Miley Cyrus: A Child Star's Rite of Passage
Within the last month, the world has watched Miley Cyrus strip to her underwear and twerk up on Robin Thicke at MTV's Video Music awards, swing naked from a wrecking ball in a video for a song off her newly released album Bangerz, get in a dustup with Sinead O'Connor on Twitter and mock almost all of it in an appearance on Saturday Night Live.
For just about anyone over 30 -- including our own Carlton Wilkinson -- it was a desperate stab at attention by a brat whose concerts they'd spent hundreds of dollars taking their kids to, whose albums you bought each birthday or holiday season and whose songs were begged and pleaded for on road trips. Those who are younger know better.
At some point, a kid is going to rebel against parents -- necessarily -- to explore their own world and have their own experiences. It stands to reason that artists trying to hold that kid's attention through that transitional phase would have to do the same.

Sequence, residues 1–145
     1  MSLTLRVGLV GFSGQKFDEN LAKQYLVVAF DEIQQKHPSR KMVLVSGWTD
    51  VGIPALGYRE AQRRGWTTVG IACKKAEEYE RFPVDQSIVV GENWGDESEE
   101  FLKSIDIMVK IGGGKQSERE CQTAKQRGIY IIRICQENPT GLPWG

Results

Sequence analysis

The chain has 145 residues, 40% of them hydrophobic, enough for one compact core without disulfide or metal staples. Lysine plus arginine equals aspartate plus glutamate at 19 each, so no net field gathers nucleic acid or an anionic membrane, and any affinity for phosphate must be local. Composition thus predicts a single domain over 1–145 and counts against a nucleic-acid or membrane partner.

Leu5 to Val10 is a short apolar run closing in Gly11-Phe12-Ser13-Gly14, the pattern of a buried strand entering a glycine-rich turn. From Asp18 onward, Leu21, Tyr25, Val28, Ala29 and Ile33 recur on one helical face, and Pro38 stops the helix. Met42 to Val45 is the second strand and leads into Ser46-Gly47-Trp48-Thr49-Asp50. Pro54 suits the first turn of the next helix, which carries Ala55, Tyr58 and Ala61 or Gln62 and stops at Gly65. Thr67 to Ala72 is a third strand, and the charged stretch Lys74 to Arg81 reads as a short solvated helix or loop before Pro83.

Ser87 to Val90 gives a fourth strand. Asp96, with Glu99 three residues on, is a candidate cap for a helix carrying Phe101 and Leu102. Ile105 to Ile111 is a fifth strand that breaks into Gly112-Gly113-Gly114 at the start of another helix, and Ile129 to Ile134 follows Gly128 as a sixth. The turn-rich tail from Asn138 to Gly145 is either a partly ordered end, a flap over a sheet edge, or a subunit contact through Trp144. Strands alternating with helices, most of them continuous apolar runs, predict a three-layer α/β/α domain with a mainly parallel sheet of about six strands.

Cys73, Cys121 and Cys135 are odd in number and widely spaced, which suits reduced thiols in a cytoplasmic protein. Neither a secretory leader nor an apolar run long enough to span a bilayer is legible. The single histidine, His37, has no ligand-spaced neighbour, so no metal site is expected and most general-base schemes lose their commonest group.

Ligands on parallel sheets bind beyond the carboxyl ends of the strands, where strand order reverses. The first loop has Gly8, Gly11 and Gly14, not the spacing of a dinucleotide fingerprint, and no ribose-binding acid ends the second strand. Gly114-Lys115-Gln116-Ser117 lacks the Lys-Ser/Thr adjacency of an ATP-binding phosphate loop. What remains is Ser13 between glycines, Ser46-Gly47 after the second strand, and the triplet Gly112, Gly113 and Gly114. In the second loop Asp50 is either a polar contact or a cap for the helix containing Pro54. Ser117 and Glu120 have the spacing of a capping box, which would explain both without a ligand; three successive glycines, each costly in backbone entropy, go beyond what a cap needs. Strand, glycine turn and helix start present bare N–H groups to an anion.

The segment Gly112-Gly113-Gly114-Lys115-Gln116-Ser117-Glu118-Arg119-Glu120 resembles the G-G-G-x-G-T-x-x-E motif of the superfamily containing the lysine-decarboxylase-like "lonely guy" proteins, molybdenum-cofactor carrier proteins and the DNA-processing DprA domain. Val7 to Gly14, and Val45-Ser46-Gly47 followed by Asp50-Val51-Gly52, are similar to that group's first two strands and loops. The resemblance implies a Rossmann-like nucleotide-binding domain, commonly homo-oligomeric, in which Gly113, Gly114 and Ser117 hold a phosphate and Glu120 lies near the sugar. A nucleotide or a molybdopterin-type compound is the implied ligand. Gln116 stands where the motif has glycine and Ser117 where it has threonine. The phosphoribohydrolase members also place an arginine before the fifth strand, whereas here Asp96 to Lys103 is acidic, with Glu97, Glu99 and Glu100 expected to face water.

Cyrus is just following a well-referenced template drawn up by those who came before her. It's a concept that's somewhat lost on Gen X and above. The teen idols of their eras didn't tend to be so teen-y and even when they were, Tiffany, Debbie Gibson and New Kids On The Block tended to ingloriously fade into a muddled future of SyFy Network D-grade films and reunion tours with a different generation's boy bands. Even later incarnations like the Spice Girls and Backstreet Boys saw their bright star fizzle with age.
That all changed with Britney Spears. When she debuted in 1999 at age 18 with "...Baby, One More Time," she began scrubbing away her Disney